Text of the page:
• ASIC Act;
        • Banking Act;
        • Insurance Act; and
        • National Consumer Credit Protection Act,
      • committed an offence under any other Commonwealth law that is punishable by 12 months or more of imprisonment; or
      • 'represents a danger to the public or financial system'.
  • abolishing the 'good faith' requirement, which currently requires a whistleblower to prove that they made allegations of misconduct in good faith. Good faith requires a consideration of the honesty of the applicant's purpose, motive or intention and places a significant burden on the whistleblower to discharge. The proposed law no longer requires a whistleblower to prove good faith but still requires the eligible whistleblower to have 'reasonable grounds to suspect' that misconduct has occurred;
  • protecting the anonymity of the whistleblower by making it an offence for a person to disclose a whistleblower's identity or information likely to lead to the identification of the discloser (unless that information is given to ASIC, APRA, a member of the Australian Federal Police or someone else with the consent of the discloser);
  • establishing immunity for whistleblowers in respect of information disclosed;
  • expanding the range of persons to whom whistleblowers can make a protected disclosure (including, in some prescribed circumstances (set out below), a journalist or politician);
  • expanding protections and redress available for whistleblowers who suffer retaliation; and
  • improving access to compensation, including by expanding the protections beyond whistleblowers to those associated with a whistleblower, protecting the confidentiality of a whistleblower's identity during proceedings and prohibiting victims from costs orders except in special circumstances.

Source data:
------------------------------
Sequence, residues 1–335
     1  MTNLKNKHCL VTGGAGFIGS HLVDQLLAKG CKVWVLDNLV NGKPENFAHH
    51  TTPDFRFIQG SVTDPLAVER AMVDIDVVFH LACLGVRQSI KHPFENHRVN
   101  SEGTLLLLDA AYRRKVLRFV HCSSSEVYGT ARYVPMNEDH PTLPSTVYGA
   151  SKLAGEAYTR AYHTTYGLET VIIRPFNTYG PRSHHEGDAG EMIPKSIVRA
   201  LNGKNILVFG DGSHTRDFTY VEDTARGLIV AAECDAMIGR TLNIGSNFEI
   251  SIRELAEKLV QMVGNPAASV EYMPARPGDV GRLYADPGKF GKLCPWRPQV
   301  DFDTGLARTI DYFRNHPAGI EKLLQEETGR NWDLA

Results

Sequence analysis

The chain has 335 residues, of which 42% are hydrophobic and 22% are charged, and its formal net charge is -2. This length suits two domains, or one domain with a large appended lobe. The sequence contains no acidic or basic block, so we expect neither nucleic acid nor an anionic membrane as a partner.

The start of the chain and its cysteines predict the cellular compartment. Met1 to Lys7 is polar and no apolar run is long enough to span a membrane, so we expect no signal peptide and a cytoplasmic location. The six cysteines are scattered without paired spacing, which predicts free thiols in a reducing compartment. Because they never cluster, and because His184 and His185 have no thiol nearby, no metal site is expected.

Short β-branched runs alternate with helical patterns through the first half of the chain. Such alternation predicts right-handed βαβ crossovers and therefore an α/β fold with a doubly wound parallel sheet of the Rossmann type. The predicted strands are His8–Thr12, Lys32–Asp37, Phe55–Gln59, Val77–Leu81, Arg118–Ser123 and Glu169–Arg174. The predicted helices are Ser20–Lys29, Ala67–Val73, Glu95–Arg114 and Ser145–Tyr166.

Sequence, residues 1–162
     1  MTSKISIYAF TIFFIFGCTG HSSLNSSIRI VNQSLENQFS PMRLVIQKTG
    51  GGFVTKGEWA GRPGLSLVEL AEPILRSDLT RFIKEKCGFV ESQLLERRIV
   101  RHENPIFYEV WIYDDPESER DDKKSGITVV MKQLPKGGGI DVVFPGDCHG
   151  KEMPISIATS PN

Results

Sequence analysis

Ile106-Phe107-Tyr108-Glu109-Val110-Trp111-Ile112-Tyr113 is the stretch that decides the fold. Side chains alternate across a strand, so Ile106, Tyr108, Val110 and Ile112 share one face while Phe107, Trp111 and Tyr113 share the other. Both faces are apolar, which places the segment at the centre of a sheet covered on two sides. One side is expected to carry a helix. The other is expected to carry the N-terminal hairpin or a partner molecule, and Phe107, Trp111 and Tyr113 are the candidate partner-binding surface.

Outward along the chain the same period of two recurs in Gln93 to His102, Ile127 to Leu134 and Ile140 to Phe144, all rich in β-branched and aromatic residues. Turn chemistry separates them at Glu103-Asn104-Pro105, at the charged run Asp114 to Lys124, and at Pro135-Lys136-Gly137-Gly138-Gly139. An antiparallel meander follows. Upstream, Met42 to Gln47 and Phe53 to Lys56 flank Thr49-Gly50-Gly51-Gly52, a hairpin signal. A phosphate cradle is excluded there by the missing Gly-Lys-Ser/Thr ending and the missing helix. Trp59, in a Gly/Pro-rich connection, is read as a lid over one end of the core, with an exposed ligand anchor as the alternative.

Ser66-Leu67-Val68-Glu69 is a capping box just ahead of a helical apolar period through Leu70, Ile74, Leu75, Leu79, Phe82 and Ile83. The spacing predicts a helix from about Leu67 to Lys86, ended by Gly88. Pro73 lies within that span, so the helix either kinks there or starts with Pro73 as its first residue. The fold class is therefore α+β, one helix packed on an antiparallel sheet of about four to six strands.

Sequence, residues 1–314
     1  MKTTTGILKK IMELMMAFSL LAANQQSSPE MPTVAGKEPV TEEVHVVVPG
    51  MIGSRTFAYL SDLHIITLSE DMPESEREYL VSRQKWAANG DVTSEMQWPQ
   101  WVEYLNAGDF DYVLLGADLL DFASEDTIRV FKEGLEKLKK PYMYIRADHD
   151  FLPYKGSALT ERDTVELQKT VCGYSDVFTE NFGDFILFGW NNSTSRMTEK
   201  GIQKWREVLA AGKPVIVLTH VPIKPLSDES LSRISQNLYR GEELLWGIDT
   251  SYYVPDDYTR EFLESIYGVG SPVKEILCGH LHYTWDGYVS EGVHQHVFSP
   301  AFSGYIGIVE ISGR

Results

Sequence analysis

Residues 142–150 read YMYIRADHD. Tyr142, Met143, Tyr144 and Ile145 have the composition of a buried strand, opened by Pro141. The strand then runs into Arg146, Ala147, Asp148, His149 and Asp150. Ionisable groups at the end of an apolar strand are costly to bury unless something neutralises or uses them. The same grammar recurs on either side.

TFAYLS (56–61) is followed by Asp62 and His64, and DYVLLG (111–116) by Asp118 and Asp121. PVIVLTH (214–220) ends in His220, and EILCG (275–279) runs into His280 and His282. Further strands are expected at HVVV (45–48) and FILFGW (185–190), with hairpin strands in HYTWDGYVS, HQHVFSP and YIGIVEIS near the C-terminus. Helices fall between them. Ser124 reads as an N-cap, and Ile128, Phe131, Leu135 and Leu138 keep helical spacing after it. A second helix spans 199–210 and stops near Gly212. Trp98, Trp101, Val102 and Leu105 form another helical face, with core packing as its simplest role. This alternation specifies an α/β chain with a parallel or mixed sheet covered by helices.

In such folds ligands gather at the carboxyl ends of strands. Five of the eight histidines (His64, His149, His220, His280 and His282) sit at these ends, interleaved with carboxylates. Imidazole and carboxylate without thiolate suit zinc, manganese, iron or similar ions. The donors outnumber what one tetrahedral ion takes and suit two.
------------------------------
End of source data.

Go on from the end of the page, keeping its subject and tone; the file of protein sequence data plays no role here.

In relation to corporate and financial sector whistleblowing, the approach proposed is to repeal whistleblowing provisions contained in a number of acts and consolidate them into the Corporations Act.

The tax whistleblower provisions, which are to be inserted into the Taxation Administration Act, are broadly equivalent to the corporations whistleblower protections highlighted above. One major difference is that the tax whistleblower provisions do not provide for disclosures to be made to journalists or politicians. Under the Corporations Act provisions, if after a 'reasonable time' the information hasn't been acted upon and is of an urgent nature, a whistleblower is allowed to approach the media or a politician. This form of protected disclosure is not provided for in the proposed amendments to the Taxation Administration Act on the basis that the sensitive nature of tax matters means that whistleblowers will not be updated of progress in any investigation and will not have any way of knowing whether their information has been acted upon. The Explanatory Memorandum to the draft legislation also notes the increased risk of vexatious disclosures in relation to individual taxpayers within the tax sphere.

Obligations on big business not recommended previously

The draft legislation also implements obligations that weren't recommended in the Report, including a requirement to have a whistleblower policy in place, and a reverse onus of proof in relation to compensation.

Mandatory whistleblower policies

Public companies and large proprietary companies who do not have a whistleblower policy in place and who do not make that policy available to people who may be eligible whistleblowers will be liable of a strict liability offence. Given that the definition of eligible whistleblower will now include past or present employees, suppliers and associates of the company, as well as dependents such as wives and children, public companies and large proprietary companies should give serious consideration to publishing their whistleblowing policies somewhere publicly available, such as on their company websites.